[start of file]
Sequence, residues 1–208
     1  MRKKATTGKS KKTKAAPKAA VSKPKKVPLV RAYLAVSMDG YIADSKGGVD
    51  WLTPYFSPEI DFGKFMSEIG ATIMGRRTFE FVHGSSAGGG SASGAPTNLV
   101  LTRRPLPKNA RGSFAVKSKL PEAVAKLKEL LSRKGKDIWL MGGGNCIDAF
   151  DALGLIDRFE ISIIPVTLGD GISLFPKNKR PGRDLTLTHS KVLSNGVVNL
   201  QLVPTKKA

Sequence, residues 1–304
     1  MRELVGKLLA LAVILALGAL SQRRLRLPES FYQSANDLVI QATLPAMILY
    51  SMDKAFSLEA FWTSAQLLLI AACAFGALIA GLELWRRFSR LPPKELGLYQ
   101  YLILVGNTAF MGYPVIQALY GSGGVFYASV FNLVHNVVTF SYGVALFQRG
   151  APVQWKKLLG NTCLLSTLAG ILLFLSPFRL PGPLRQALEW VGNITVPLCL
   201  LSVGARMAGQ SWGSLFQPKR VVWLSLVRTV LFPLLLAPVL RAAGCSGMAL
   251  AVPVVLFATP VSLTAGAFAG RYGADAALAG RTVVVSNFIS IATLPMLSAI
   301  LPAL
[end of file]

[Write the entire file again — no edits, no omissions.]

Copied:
Sequence, residues 1–208
     1  MRKKATTGKS KKTKAAPKAA VSKPKKVPLV RAYLAVSMDG YIADSKGGVD
    51  WLTPYFSPEI DFGKFMSEIG ATIMGRRTFE FVHGSSAGGG SASGAPTNLV
   101  LTRRPLPKNA RGSFAVKSKL PEAVAKLKEL LSRKGKDIWL MGGGNCIDAF
   151  DALGLIDRFE ISIIPVTLGD GISLFPKNKR PGRDLTLTHS KVLSNGVVNL
   201  QLVPTKKA

Sequence, residues 1–304
     1  MRELVGKLLA LAVILALGAL SQRRLRLPES FYQSANDLVI QATLPAMILY
    51  SMDKAFSLEA FWTSAQLLLI AACAFGALIA GLELWRRFSR LPPKELGLYQ
   101  YLILVGNTAF MGYPVIQALY GSGGVFYASV FNLVHNVVTF SYGVALFQRG
   151  APVQWKKLLG NTCLLSTLAG ILLFLSPFRL PGPLRQALEW VGNITVPLCL
   201  LSVGARMAGQ SWGSLFQPKR VVWLSLVRTV LFPLLLAPVL RAAGCSGMAL
   251  AVPVVLFATP VSLTAGAFAG RYGADAALAG RTVVVSNFIS IATLPMLSAI
   301  LPAL